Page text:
Are deep fried mac and cheese bites the proper fuel before the Perfect 10 Miler? Hypothetically.

The answers ranged from the funny--a movie clip of a woman on the toilet (which I will not post here), the philosophical (Shouldn't the real question be "Is there ever a time deep fried Mac and cheese bites are a bad idea?"), the empathetic (Pretty sure Hamburger Festival was not ideal.), and the mildly condemnatory (I would say the whole enterprise is flawed, but...).  Do you want to know the answer?  Just wait; I'm getting there.

This morning I woke up at 4:30 am to prepare for the Perfect 10 Miler at Legacy Village in Lyndhurst, Ohio.  I carefully laid out my gear the night before:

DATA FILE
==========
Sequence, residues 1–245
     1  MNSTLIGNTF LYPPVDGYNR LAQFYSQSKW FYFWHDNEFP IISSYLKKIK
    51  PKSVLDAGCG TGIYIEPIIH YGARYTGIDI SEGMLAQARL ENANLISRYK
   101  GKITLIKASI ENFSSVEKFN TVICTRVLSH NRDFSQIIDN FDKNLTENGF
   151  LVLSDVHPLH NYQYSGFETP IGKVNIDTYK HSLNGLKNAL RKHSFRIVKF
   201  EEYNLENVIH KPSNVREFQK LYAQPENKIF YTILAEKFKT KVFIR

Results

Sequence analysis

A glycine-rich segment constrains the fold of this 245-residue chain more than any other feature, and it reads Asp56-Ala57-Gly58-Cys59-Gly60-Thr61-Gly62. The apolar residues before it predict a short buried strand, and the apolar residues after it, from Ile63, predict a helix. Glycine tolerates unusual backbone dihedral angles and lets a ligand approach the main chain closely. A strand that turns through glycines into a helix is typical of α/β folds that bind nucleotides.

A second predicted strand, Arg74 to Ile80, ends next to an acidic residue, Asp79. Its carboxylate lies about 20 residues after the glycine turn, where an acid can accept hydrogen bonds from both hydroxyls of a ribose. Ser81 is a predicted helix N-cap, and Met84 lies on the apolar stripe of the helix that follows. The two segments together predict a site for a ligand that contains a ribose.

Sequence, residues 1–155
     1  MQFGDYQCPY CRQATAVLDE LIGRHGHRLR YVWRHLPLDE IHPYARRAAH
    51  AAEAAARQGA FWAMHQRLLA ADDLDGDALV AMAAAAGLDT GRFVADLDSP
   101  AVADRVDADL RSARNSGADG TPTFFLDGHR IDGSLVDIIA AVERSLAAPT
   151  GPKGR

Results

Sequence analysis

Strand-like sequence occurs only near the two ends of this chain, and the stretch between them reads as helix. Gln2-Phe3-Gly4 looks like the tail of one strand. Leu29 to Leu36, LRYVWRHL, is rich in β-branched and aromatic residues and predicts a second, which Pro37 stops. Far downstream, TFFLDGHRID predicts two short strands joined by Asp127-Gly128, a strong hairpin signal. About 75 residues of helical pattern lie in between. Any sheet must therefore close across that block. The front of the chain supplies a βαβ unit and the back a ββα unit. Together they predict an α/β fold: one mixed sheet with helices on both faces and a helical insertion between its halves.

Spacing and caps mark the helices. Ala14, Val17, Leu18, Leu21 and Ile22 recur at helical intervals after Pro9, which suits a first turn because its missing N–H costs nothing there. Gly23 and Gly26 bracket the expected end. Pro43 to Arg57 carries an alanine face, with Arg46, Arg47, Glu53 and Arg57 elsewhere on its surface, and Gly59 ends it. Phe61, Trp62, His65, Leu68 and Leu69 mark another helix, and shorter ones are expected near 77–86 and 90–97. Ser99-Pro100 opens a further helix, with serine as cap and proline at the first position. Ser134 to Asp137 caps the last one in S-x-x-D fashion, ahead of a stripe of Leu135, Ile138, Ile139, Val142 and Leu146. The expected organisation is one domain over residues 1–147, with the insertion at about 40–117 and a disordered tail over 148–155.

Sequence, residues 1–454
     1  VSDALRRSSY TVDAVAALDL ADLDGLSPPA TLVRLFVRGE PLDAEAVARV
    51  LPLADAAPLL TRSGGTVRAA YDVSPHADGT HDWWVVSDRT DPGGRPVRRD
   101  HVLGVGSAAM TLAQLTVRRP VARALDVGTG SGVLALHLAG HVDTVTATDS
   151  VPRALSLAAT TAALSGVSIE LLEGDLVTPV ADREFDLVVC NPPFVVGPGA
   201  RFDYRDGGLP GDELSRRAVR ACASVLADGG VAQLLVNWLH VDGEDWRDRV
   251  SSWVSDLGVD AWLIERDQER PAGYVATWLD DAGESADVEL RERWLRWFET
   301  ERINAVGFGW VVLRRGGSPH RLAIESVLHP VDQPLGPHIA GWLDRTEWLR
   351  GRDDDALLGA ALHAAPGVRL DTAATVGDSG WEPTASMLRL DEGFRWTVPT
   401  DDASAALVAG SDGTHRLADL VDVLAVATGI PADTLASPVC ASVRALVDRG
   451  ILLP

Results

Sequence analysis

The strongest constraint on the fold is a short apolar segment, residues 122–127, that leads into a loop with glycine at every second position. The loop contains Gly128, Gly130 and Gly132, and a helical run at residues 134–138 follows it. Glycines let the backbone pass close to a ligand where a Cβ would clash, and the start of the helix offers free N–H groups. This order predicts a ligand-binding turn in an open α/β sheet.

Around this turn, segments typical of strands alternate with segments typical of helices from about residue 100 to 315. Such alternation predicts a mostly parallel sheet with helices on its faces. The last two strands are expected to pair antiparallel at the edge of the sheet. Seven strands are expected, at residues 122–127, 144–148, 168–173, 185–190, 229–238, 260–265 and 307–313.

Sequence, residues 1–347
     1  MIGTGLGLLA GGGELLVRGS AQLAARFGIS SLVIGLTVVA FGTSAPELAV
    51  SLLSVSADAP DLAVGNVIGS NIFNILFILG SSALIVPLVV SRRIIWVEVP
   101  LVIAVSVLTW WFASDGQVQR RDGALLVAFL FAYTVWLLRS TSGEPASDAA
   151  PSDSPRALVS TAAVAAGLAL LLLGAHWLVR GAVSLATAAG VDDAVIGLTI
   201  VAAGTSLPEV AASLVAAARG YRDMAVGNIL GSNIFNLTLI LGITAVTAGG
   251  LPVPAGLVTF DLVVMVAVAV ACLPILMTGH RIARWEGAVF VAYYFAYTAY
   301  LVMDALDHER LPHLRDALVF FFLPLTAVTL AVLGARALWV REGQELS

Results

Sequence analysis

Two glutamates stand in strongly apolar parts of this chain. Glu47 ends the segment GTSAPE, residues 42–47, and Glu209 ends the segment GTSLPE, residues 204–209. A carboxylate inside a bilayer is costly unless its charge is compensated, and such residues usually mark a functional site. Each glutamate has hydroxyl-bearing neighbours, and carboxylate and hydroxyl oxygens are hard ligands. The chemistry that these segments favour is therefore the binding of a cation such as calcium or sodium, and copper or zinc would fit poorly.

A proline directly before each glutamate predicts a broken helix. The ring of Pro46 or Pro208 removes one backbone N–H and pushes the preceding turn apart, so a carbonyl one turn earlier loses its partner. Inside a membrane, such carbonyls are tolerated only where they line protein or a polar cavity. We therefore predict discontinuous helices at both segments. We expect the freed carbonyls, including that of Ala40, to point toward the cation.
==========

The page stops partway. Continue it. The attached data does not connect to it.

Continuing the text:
I organized this BEFORE I went out for beer and mac and cheese bites. . . er, that is, if I actually DID indulge in mac and cheese bites.  Hypothetically.
I met the other members of The Ohio Runner's Network for a warm up and a picture.

We look so happy to be there before 7am!
So, I have been feeling angsty about this race for several reasons: 1) I had to transfer my bib last year because of the horrible NUT incident, 2) the course changed this year, and I didn't know the area, and 3) I have been trying to figure out what my race pace is for any race longer than five miles (prep for the Akron Half Marathon), and I'm not really good at figuring out my pace by the way I feel.  I had an idea of what I wanted to do, but as usual, my follow-through is kind of lousy.  Let's get to the race review, shall we?

The Good: